Get back up to 50% of your wasted time every day. 

CEOs are busy. Every CEO has time limitations, but some are far more efficient than others. What separates CEOs that are efficient from those who are wasting time that impacts the business? 

We will explore the possibilities here about a variety of CEOs and how they may waste time. I am positive some CEOs would say they have to do these things at some point, but I would argue that in most cases you don’t have to. I will provide recommendations and tips to be more efficient.  

The overall message: UNSUBSCRIBE! Not just from newsletters, but emails, meetings, and unproductive policies and processes. I will describe it in more detail. Clearly, you can’t unsubscribe from meetings and business processes that drive the company forward, but you can optimize. We will discuss some ideas that have worked for many others and some that have failed. 

As you all know too well, the CEO role is extremely complex, and few others appreciate the complexity and loneliness that the CEO experiences. Just consider the responsibilities that the CEO owns: 

  • Vision 
  • Mission 
  • Strategy 
  • Direction 
  • Product-market-fit 
  • Business model and path to profitability 
  • Executive team 
  • Company structure and efficiency 
  • Partners, including supply chain and channel 
  • Sales 
  • Customers 
  • Policies 
  • P&L (Profit and Loss) 

There are many details, interruptions, day-to-day situational issues, people, competitive environment, market dynamics, and on and on. If you are a CEO, you know this all too well and you know how crazy your days can get but you also know that you are the most powerful person in the company and every employee is watching and listening to your every word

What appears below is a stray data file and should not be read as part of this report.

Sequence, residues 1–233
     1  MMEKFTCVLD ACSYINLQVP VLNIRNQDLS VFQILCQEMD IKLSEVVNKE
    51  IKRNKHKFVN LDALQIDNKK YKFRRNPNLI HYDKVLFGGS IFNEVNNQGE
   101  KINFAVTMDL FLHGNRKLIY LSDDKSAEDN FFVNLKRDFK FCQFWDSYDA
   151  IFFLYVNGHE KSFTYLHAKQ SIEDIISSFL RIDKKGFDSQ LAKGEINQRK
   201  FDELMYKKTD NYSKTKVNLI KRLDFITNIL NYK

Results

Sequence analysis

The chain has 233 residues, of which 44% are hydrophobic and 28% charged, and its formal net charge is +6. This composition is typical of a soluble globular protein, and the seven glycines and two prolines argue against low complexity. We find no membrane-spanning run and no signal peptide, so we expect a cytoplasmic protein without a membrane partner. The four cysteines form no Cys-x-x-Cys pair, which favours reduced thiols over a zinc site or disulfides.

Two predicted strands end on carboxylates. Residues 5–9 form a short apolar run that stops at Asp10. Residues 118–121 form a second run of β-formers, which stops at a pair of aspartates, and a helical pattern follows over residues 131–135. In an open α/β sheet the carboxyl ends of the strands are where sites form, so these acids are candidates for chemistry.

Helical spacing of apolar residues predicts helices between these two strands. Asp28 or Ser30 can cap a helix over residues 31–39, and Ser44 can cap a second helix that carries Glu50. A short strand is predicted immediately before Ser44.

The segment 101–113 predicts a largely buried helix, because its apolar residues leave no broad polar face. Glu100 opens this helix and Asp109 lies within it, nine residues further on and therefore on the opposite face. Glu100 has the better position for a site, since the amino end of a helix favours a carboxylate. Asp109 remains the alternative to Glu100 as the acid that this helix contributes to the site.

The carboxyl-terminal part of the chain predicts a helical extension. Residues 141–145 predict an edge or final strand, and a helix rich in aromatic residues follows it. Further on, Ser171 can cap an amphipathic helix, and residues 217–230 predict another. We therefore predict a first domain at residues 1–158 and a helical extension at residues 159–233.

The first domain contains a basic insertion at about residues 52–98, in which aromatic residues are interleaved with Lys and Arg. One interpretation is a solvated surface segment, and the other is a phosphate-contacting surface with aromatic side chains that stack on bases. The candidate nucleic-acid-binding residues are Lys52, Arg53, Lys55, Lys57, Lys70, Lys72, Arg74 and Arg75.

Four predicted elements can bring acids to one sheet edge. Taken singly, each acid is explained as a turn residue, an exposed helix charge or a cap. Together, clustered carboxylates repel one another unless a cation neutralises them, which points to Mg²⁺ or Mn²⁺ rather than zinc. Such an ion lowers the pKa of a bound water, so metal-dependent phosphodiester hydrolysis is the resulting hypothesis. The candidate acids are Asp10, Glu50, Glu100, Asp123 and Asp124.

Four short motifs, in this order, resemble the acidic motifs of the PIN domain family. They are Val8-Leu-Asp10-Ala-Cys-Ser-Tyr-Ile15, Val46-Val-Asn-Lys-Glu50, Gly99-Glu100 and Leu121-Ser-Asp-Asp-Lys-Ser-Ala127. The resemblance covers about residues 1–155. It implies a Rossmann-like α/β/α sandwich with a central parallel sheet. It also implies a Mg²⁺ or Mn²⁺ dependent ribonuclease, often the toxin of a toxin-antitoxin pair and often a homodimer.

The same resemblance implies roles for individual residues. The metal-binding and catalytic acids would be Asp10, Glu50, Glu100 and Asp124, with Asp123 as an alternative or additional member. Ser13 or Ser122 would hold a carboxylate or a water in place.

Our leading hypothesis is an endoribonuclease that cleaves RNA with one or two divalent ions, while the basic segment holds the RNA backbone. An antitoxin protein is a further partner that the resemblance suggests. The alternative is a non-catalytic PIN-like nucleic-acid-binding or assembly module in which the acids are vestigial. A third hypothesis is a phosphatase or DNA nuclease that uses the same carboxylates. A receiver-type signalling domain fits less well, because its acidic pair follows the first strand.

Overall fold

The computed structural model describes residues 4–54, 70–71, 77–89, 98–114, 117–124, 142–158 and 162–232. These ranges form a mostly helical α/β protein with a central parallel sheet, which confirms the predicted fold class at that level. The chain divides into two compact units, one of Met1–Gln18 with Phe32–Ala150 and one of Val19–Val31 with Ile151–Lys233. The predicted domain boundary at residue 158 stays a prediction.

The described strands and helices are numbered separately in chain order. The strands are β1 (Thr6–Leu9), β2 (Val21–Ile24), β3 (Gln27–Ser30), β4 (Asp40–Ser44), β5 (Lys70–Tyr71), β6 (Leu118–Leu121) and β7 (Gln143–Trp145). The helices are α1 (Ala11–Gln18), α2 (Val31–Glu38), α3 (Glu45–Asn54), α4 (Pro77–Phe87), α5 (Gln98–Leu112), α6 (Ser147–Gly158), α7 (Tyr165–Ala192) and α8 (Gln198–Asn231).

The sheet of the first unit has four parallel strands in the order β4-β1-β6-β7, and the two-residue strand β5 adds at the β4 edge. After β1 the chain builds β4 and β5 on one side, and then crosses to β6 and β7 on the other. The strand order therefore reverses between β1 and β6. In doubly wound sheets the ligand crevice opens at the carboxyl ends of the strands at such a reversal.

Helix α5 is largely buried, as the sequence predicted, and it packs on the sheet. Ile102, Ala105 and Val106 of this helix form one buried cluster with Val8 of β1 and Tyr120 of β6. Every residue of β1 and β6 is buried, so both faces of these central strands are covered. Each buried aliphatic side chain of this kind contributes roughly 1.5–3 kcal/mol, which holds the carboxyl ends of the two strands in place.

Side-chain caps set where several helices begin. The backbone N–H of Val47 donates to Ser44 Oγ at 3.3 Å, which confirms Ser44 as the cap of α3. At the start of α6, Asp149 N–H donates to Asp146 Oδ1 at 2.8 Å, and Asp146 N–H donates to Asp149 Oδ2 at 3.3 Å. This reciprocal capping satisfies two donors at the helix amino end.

The Business Model 

I like to view each individual employee’s role as a business model. Not to be confused with the financial business model. This section is the CEO business model. To bring clarity and efficiency to your time demands, knowing and understanding each connection point to your personal suppliers and personal customers is paramount. I like to diagram this model as follows: 

CEO Model

You can quickly see the number of connection points that the CEO juggles minute to minute, day-to-day, week-to-week, and on an ongoing basis. You can easily see how the CEO may have blind spots in various places, which can be detrimental to the business.  

The objective of this post is to help the CEO “Unsubscribe” from everything that does not move the company forward, wastes time where the CEO is not adding value, wastes time when the functional or group leader is already leading a meeting or project, and anything that can be optimized for efficiency. I have discussed this with many CEOs I have worked with, and many get overwhelmed by the minutia and cannot easily get out of their rut. My goal is to help facilitate a solution, even if it takes time to execute.  

4 Steps to Unsubscribe 

Let us break this listicle down into smaller chunks. The CEO should unsubscribe to or refine their process for the following:

  1. Email 
  1. Meetings 
  1. Calendaring 
  1. Personal 


Nearly everyone spends far too much time on email. The most successful CEOs and senior executives schedule email time typically early morning and later in the afternoon or evening.  This prevents wasting time being interrupted all day and tempting you to respond immediately. Scheduling email time can be calendared (blocked time) and allows time to reflect and think about responding.  

Unsubscribe from most newsletters. They tend to be a waste of time. Most CEOs do have their favorite newsletters, often a paid subscription service that provides value-add to their life, career, and their thirst for learning. Keep the special newsletters but unsubscribe to all others.